Location: Dallas, Texas
Completion: 2017
Scope: Building Core and Shell, Lobby, Elevator Lobbies, Amenity Spaces, Exterior and Site, Parking Garage
Design Team: GFF, inc. and Purdy-McGuire, inc.

Built in 1902 for the Brown Cracker & Candy Co. "the largest bakers of crackers and fancy confections in the Southwest." It's amazing how a structure can be transformed over time, in this case over 100 years. From a cracker factory, housing over 1,000 employees and giant ovens; to a movie theater, Planet Hollywood, indoor mall and arcade; to almost 10 years as a vacant structure, this historic structure now has new life as trendy office spaces. Finished with a huge atrium and an added amenity floor enclosed in glass, it provides a unique work environment. Restaurants are soon to come for the ground level.  The project was an exercise in preservation and transformation.  The project was rehabilitated within all requirements of the Dallas West End Historic District, it now serves as office space artfully combining the historic structure with contemporary infrastructure. From the care to restore the large wood support columns throughout, to the three iconic water tanks at the rooftop, we wanted to celebrate details.


Pictured above, the new entry vestibule is a jewel-like glass box, appearing to float away from the building with uplights carefully placed both inside and out.  Dimmable LED linear fixtures detailed under stair treads illuminate the building stair plinth for safety.

A top level amenity deck with stunning views across downtown and vistas South is simply lit with surface mount accents and large decorative pendants. Fixture selections were important to reinforce the polished industrial feel of the interior design while being simple and inexpensive. In both locations large decorative fixtures capture attention.  A historic feature of the building facade, special fixtures were located to scatter interesting shadows across the facade from the existing fire escape platforms.

On level 1, column-mounted lighting is exposed, highlighting the structure, yet minimal in style and with finishes that integrate with the applied systems, being intentional about what is new versus what is original to the building. The atrium delivers copious daylight to the interior of these large floor plates by day, and a moody lounge feel by night.  Luminaires were selected to integrate with, yet also highlight, the wood construction - support columns, beams, and original hardwood floors.  RGBW fixtures sitting atop the elevator cab and deep in the elevator pit highlight the feature elevator shaft visible on each floor.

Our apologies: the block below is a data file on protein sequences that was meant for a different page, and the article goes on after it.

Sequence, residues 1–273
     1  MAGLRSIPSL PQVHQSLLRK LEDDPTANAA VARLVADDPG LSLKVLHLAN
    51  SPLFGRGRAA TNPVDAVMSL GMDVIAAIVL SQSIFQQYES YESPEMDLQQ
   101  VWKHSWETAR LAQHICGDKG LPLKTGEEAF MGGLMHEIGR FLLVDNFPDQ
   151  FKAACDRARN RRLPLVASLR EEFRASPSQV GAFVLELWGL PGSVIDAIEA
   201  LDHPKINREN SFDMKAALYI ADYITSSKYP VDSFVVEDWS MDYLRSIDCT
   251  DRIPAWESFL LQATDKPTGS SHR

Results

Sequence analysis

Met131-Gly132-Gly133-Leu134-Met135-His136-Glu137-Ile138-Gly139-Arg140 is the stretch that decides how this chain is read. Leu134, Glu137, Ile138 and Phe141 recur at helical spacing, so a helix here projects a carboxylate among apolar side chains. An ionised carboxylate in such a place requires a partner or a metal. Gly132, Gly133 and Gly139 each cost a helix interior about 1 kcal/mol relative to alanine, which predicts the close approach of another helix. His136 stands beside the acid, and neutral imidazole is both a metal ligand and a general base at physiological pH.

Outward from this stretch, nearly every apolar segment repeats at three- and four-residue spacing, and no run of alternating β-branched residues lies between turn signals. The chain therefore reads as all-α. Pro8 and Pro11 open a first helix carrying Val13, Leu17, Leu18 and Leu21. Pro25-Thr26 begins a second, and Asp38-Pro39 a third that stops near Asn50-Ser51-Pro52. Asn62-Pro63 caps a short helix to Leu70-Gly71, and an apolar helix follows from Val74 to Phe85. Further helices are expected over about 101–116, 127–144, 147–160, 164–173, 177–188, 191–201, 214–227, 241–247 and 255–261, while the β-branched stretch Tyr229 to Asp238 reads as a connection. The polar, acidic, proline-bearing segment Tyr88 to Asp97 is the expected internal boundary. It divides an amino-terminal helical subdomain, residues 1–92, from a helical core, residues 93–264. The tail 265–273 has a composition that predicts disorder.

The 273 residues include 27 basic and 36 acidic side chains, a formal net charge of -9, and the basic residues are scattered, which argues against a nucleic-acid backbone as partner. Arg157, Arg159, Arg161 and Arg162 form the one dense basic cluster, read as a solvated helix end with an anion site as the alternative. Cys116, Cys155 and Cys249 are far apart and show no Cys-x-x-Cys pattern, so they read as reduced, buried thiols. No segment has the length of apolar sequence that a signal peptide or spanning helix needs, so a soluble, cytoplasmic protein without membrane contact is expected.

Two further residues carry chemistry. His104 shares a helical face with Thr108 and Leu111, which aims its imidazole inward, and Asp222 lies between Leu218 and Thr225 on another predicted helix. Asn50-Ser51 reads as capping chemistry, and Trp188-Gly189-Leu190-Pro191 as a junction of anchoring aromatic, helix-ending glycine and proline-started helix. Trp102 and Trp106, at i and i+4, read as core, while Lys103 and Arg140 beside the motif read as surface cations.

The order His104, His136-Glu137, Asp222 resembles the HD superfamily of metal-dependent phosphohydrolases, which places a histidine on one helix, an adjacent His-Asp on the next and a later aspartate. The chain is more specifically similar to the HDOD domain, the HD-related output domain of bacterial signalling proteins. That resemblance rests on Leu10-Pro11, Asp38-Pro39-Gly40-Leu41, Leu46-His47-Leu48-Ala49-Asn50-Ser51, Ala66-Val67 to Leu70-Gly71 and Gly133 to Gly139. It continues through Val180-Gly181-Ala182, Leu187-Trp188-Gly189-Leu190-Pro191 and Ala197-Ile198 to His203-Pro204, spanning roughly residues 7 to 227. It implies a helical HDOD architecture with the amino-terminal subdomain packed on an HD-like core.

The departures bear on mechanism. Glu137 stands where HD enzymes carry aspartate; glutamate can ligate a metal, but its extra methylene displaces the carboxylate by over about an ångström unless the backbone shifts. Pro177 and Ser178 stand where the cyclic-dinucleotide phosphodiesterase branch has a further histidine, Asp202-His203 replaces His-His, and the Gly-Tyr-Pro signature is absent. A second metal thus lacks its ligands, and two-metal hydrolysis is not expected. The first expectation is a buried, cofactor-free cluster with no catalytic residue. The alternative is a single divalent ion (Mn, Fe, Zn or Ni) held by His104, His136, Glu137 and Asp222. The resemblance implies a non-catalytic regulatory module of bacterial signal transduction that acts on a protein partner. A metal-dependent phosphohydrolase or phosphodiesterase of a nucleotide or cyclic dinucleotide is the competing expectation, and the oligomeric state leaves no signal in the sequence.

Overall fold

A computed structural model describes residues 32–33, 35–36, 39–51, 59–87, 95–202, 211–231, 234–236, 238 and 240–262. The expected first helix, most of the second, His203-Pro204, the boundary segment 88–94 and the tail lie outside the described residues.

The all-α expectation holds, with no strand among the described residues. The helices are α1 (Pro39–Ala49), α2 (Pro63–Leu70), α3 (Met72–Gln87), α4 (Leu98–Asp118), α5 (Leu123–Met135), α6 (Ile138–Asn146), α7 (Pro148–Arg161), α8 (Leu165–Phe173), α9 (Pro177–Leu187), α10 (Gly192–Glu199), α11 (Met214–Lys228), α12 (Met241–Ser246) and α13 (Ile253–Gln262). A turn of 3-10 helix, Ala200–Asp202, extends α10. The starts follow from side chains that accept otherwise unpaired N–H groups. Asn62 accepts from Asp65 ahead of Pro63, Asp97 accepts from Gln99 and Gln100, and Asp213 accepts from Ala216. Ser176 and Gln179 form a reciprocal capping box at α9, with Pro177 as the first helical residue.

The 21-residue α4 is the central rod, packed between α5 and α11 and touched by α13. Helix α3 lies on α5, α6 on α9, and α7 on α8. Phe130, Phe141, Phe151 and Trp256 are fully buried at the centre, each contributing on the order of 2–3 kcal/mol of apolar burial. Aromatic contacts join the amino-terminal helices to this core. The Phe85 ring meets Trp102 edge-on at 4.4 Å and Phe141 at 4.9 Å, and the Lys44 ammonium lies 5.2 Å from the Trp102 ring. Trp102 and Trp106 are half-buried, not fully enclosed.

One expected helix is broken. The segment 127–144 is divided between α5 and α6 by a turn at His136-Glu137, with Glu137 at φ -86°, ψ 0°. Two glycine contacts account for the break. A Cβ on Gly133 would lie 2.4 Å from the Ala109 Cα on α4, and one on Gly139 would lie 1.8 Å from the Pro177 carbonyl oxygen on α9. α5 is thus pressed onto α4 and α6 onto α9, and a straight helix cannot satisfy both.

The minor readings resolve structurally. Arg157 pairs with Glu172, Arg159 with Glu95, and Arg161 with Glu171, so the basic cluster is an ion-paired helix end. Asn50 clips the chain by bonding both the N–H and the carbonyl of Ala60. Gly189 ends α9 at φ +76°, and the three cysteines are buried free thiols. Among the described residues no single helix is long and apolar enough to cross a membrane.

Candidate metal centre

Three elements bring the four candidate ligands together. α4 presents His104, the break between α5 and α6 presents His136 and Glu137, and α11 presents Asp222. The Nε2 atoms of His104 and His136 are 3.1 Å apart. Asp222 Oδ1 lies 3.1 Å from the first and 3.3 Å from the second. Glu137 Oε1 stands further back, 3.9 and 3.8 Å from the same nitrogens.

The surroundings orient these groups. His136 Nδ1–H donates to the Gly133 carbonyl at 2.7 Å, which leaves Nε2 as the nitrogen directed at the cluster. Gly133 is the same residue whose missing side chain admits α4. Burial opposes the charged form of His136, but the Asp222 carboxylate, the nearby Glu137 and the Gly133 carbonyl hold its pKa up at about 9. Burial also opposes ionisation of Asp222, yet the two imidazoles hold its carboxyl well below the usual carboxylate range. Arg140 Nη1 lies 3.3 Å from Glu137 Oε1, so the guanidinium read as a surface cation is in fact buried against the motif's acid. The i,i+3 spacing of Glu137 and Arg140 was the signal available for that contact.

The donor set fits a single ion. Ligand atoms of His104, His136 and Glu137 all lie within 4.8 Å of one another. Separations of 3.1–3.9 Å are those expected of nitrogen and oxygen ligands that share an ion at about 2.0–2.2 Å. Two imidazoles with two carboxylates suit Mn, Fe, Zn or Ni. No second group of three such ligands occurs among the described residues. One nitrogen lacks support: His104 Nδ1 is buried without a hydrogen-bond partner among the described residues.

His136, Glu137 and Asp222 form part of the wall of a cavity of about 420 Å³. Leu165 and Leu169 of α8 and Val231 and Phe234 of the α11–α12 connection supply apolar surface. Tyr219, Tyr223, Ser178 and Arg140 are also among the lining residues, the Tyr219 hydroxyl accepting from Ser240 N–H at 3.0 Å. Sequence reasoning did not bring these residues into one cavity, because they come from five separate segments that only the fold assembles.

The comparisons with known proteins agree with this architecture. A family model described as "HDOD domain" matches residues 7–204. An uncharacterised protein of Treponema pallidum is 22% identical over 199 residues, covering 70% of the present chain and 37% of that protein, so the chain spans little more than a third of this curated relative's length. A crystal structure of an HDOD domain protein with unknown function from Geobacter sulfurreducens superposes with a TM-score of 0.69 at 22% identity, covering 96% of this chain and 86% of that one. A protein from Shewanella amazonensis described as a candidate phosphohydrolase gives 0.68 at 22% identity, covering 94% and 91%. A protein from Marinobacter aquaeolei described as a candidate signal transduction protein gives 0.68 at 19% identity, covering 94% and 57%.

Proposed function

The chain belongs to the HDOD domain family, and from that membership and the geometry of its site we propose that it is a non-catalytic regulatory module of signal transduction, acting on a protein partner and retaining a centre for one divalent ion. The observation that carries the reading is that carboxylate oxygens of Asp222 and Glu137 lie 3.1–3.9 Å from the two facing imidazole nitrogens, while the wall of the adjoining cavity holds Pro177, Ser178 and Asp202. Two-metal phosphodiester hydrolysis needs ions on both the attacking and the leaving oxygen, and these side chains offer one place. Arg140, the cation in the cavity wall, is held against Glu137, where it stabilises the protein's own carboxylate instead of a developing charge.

The updated plaza and alley lighting schemes provide an inviting and safe environment for the public in this once dark and dangerous area. The client is happy with an in-budget, transformative project that is turning heads towards this historic district. The updated plaza includes dappled tree lighting, under bench glow, and market/catenary fixtures in the old Dallas Alley.

And on the rooftop, we explored everything from wrapping the tanks in media mesh, to artfully poking holes and lighting from within them. Both the Historic Preservation Board requirement for restraint, and modest budget turned us towards simple exterior gobo projectors, color-changing floods, and tight accents to highlight the ladders on the iconic water tanks. Two different color temperatures were used to create a dynamic detail to the ladders. A soft color fade tells the story of seasons, events and holidays. In the wee hours the gobos and color turn off and just allow the ladders to be illuminated. Grazing light of the smokestack is visible from nearby areas of town, harkening back to the original ovens housed in this historic and now iconic building.